The engine of the Ssangyong Rexton is, naturally, well engineered because it’s made under license from Mercedes – and so is the transmission. The Ssangyong Rexton sports a 2.7 litre, in-line 5-cylinder turbo diesel engine that pumps out 184bhp, and a very healthy torque output of 402Nm. The automatic transmission is a 5-speed affair, but the addition of a 6th ratio would have made cruising even more effortless. The power is impressive, and there’s little-to-no turbo lag at all regardless of where the rev needle points. In the lower rev range, it takes about a second to respond, but once it gets past 2,000rpm there’s plenty of grunt. And while the gearbox does respond in manual mode, the buttons just don’t provide the tactile and positive feel of physically changing gear – so, I found it better to leave it in full automatic mode.
The Rexton performed pretty well on the highway, but the steering is too light and unresponsive to really inspire confidence. In fact, at low speeds, you can even apply up to 45-degrees of lock in either direction and the car won’t budge from a steady state until you apply further steering input. Dynamically, the suspension setup doesn’t help either. While you feel bumps at low speeds, that’s not to say it’s uncomfortable. As a highway tourer, on the other hand, it’s a little too soft for comfort. My biggest complaint, however, were the brakes. Well, not the brakes themselves because they did the job of bringing the car to a halt when applied, but the brake pedal in fact – which provided not an ounce of feel. All of this gives you a sense that the Ssangyong Rexton could do with a little more cohesion in its engineering. That being said, it is very comfortable out on the road. And the seamless power from the engine goes a long way in making up for other drawbacks.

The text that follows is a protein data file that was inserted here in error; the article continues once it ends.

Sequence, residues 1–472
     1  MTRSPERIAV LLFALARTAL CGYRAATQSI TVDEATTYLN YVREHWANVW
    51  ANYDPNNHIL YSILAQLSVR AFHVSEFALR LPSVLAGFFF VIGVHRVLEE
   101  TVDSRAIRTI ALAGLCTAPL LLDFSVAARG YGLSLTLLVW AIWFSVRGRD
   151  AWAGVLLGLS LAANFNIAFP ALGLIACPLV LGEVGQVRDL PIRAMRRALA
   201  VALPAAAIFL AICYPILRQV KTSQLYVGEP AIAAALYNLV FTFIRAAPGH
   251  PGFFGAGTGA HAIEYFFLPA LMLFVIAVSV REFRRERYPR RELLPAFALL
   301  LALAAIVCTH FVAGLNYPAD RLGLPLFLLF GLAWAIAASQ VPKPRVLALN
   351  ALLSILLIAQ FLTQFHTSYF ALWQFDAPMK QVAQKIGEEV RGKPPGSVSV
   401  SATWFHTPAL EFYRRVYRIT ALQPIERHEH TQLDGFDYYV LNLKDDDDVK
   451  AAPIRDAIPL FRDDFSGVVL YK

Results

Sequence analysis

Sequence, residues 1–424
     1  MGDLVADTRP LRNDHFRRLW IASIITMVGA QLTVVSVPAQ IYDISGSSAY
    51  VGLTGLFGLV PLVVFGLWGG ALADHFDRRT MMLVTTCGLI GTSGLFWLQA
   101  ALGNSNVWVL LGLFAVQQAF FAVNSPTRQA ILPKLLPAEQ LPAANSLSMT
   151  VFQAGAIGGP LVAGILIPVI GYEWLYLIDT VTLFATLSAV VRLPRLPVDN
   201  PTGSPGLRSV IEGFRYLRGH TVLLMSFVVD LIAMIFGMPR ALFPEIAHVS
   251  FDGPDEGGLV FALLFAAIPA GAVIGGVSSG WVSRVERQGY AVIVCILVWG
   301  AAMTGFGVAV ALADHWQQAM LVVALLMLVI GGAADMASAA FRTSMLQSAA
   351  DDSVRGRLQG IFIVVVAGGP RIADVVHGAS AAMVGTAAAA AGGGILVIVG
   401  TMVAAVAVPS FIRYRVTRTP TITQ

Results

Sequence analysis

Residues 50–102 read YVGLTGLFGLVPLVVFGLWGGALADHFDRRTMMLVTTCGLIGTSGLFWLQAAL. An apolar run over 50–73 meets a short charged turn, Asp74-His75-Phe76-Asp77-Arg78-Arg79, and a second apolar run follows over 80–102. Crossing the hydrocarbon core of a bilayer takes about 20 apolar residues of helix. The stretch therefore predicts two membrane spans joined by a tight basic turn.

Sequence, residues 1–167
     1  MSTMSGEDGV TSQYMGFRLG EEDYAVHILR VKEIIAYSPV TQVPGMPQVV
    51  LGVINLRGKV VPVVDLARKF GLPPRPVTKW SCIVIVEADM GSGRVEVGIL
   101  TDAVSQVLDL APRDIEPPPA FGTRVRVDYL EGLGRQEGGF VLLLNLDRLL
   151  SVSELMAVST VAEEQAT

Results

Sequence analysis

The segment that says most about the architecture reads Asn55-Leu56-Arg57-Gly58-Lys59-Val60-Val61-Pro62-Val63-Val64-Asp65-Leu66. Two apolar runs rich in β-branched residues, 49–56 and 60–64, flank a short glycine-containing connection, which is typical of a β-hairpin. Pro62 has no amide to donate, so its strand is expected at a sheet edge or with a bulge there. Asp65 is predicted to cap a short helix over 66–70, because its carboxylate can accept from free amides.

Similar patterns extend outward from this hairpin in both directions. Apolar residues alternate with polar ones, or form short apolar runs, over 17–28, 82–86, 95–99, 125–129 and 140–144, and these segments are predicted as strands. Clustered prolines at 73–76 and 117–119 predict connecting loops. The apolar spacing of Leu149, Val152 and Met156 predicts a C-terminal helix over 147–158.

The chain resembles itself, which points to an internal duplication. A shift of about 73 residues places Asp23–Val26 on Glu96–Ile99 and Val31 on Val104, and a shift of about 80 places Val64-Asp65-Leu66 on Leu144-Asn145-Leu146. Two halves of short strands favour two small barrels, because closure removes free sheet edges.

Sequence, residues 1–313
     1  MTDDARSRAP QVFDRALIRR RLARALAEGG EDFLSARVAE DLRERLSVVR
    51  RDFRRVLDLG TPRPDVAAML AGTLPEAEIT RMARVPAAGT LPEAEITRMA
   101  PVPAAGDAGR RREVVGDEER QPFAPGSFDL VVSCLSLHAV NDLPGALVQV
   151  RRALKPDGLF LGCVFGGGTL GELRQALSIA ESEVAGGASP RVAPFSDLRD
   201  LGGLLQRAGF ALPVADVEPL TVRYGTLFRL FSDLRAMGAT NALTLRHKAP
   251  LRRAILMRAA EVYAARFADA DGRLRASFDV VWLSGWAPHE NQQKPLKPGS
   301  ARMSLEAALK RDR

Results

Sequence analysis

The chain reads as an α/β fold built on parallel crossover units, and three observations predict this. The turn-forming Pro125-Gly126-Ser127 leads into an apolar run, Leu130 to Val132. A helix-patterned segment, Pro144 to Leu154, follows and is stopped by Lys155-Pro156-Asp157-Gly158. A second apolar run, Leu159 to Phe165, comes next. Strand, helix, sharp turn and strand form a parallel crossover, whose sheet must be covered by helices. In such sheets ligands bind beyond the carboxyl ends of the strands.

Plus, it is very refined out on the open road – with very little noise permeating the cabin. But what surprised me the most was when we took the car off-road. There are all sorts of jungle trails and riverbeds for you to have fun with an SUV in Corbett. Although you’re no longer allowed to take your car inside the park anymore – for good reason – luckily for me, I had the perfect person to show me around. My father is a huge Jeep fanatic, and he used to hunt all over the area many years ago, so he guided us to some spectacular locations. That catch is that there’s only one way to get there – you need a proper off-roader. And the Ssangyong Rexton proved to be one. It really can take on anything. We went through every possible off-road situation, and even my father who’s driven all kinds of SUVs through these jungles was very impressed with the car. The compliant suspension, wide footprint, high ground clearance, and four-wheel drive system, all come into their own off-road.
So, for about 22 lakhs you get a great looking car that’s comfortable, performs reasonably on road, and admirably off it. And for the Mahindra stable to offer a vehicle this refined means that times really are changing. I do feel, however, it’ll take the all-new Korando – which will be launched later this year – to make Ssangyong a real household name in India.